Cameron unveils green agenda on webchat

The Conservatives are pushing forward with their green agenda
The Conservatives are pushing forward with their green agenda

By Ian Dunt

The Conservatives have become the first British party to launch a policy agenda on the internet today with a live webchat with David Cameron which can be accessed through politics.co.uk.

The webchat, which occured at 13:30 GMT, can be found below.

Users could ask questions on the environment to Mr Cameron by emailing craig.elder@conservatives.com or contibute to the live chat during the webcast.


The Tories are keen to capitalise over the controversy surrounding the new Heathrow runway, with party insiders feeling they are on the 'right' side of the issue.

The plans are intended to reduce UK reliance on gas and oil and funnel £1 billion into improving power distribution on the National Grid.

The party are focusing on decarbonising the economy, with hopes for the highly skills jobs it would create.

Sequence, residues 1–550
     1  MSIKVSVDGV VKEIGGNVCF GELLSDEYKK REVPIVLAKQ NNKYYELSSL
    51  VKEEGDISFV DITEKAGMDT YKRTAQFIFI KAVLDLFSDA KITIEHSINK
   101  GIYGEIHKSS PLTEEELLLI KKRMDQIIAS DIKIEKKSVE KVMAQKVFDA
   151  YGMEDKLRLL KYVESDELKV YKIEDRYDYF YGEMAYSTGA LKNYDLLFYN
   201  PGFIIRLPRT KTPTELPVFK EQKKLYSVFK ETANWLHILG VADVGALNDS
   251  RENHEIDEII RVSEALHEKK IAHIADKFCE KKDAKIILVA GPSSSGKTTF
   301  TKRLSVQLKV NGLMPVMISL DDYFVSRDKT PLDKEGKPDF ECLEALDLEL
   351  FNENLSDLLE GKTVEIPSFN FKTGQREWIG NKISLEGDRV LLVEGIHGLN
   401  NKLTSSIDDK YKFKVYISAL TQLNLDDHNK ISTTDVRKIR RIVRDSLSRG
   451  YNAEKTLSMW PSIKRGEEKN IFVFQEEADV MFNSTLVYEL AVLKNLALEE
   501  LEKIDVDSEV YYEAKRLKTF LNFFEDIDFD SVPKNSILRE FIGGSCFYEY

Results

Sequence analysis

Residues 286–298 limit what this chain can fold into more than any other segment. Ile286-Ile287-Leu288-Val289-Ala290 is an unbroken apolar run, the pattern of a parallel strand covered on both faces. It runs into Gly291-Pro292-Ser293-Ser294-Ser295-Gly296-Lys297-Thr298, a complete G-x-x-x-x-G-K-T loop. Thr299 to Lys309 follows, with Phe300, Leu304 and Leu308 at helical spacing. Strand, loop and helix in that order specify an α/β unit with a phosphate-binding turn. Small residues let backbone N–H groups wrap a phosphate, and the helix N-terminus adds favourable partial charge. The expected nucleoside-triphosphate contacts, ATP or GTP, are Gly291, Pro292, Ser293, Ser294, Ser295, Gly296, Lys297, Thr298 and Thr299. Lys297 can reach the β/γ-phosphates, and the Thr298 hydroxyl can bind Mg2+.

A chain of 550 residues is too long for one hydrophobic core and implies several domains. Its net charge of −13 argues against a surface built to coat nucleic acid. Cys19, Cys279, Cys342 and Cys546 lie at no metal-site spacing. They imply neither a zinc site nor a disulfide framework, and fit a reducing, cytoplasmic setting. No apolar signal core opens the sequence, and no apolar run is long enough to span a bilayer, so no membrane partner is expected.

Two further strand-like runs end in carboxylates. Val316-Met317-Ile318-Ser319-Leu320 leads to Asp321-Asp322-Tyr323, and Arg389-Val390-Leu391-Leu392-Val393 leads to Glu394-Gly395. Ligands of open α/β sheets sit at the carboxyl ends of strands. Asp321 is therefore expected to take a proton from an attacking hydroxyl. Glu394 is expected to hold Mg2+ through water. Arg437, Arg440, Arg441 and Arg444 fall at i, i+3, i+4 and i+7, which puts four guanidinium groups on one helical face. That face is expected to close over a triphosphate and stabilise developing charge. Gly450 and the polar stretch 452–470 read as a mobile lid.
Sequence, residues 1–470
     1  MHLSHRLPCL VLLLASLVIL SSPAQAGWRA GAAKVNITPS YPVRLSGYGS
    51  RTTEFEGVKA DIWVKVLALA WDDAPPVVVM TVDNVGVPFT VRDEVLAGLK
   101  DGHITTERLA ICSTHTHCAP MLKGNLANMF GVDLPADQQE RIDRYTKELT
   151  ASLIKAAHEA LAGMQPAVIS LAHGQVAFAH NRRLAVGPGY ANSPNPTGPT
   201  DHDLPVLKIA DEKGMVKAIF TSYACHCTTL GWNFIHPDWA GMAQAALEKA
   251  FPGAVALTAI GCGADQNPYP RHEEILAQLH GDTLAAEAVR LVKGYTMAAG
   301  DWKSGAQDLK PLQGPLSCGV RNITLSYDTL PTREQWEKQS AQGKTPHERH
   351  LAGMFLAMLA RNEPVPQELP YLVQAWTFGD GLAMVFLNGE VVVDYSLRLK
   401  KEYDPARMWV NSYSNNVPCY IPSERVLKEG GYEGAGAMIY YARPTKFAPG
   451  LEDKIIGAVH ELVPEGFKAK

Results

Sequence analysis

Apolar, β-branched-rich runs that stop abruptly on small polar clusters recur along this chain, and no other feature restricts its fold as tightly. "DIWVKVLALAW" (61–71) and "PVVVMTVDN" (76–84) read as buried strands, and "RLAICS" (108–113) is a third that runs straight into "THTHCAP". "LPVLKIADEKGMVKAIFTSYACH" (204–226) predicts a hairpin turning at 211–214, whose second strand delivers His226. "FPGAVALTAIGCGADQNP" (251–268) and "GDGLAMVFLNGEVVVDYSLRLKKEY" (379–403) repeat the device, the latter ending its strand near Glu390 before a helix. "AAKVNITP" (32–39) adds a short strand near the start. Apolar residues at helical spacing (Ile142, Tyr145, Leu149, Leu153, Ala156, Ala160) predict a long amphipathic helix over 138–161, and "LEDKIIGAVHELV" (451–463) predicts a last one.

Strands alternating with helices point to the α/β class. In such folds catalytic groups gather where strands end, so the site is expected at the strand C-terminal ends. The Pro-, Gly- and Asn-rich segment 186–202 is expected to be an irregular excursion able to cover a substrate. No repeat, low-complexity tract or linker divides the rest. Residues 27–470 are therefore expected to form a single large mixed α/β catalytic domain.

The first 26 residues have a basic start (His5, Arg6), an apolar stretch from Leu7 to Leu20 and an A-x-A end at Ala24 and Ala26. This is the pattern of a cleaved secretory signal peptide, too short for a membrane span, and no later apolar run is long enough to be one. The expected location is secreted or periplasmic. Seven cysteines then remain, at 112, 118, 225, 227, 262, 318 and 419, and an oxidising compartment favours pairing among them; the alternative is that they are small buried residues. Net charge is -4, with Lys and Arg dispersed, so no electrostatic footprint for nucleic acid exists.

The National Grid proposals contain the most detail. The party are calling for new technology to update energy distribution, with 'smart' appliances in the home monitoring appliances on a second by second basis.

There will also be a renewed focus on bio-energy, where power is made through biological waste.

In an interview with the Guardian, Mr Cameron stressed the role of the new technology in opening up new policies.

"It is the thing that brings our plans all together, that makes it all possible and will deliver a genuinely low-carbon world," he said.

Liberal Democrat leader Nick Clegg poured scorn on the webchat.

"This announcement is like David Cameron riding his bike, but what is important is what is in the car behind him," he said.

"In there we find a Conservative party that despite all its rhetoric will dodge a vote on Heathrow's third runway; that supports future nuclear power plants; and that's so anti-Europe it fails to understand that the only way to fight climate change is to work together internationally."

Yesterday the Tories decided to plough ahead with their opposition to a third Heathrow runway, with Mr Cameron confirming the party would cancel the scheme if elected.

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